COFI Celebrating 50 Years in Japan

Shawn Lawlor

By: Shawn Lawlor

Managing Director, Canada Wood Japan/COFI Japan

This year marks the 50th anniversary of the establishment of the Council of Forest Industries office in Tokyo. Our anniversary also coincides with the opening of the 2×4 building method in Japan. Founded in 1974 on behalf of British Columbia’s forest industry, our mandate was to expand trade opportunities for Canadian lumber in Japan. During this period as Japan’s miracle economy grew, so too did the need for quality affordable housing. COFI began to closely work with Japanese government authorities to adopt the use of the North American 2×4 Platform Frame Construction (PFC) to Japan. In 1974 Japan’s Ministry of Construction formally approved of the 2×4 PFC building code and dimension lumber grading standards.

Since the mid-1970’s COFI has partnered closely together with Japan’s housing industry to grow 2×4 housing from a largely unknown niche status to a mainstream form of construction that is highly recognized for its seismic performance and energy efficiency. In the fall of 1977 in Tokyo’s Ginza an ambitious “2×4 Caravan” promotional campaign was launched wherein 102 single family model homes were built in 25 cities across Japan. At the same time, COFI was facilitating missions with an approximate total of 1,600 Japanese code officials, carpenters, architects and builders traveling to Canada to learn about 2×4 construction standards and lumber grades by the late 1970’s.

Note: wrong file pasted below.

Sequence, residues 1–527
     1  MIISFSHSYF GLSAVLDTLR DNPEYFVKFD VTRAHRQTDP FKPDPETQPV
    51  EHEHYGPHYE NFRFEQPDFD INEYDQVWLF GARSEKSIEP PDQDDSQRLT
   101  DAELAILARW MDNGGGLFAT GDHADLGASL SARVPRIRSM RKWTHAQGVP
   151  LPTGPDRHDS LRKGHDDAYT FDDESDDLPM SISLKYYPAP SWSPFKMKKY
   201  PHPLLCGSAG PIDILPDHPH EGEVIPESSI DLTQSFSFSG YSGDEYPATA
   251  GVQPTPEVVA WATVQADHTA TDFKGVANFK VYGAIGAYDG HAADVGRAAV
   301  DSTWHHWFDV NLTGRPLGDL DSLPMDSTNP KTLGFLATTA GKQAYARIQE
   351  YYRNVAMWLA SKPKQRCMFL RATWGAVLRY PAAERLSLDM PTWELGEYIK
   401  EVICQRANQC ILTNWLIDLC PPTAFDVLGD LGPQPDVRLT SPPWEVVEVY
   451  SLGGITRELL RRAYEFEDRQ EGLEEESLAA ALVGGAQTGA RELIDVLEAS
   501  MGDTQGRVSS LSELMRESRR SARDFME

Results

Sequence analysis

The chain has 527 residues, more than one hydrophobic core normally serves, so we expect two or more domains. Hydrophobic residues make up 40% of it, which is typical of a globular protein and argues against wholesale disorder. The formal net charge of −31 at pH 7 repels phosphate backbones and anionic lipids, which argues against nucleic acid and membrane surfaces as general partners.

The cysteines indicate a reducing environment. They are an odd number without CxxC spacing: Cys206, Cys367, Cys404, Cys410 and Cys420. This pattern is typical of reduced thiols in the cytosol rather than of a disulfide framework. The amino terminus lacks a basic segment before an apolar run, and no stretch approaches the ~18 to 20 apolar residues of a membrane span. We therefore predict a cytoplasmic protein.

Over subsequent decades our market focus shifted towards addressing codes and standards related non-tariff barriers, with COFI playing a leading advocacy role in expanding market access for Canadian forest products in Japan. The trilateral U.S. – Japan – Canada JAS Technical and Building Experts Committee were established as forums to address codes and standards issues with Japanese government regulatory officials. Similarly, a bilateral Canada-Japan Housing Committee was established wherein COFI collaborated with Forintek (Now FP Innovations), the National Research Council (NRC) and the Canadian Housing & Mortgage Corporation (CMHC) to advocate for the adoption of R2000 high energy efficiency standards to support the expansion of 2×4 housing in Japan. COFI also became accredited as an overseas grading agency for JAS lumber products, certifying 12 mills in BC to facilitate export of J-Grade lumber to Japan. By the mid 1980’s, Japan’s 2×4 housing market had grown to over 25,000 units annually.

In the early 2000’s COFI initiated a joint fireproof R&D program with the Japan 2×4 Home Builders Association to develop fireproof building assemblies allowing 2×4 construction to expand beyond one and two storey housing into multi-storey, multi-family and non-residential construction. This test program resulted in COFI achieving more than 50 MLIT Ministerial approvals for fireproof and quasi-fire proof construction, thereby expanding opportunities for 2×4 in midrise, multi-family and large scale commercial applications. This focus on innovation to expand markets resulted in a surge of multi-family starts and by 2010, multi-family construction grew to comprise over half of 2×4 building starts. Concurrently the use of 2×4 fireproof approvals expanded to a cumulative total of over 4,400 by 2024, including over 150 4 to 6 storey midrise and 100’s of non-residential structures such as offices, hospitals, elderly care homes and commercial buildings.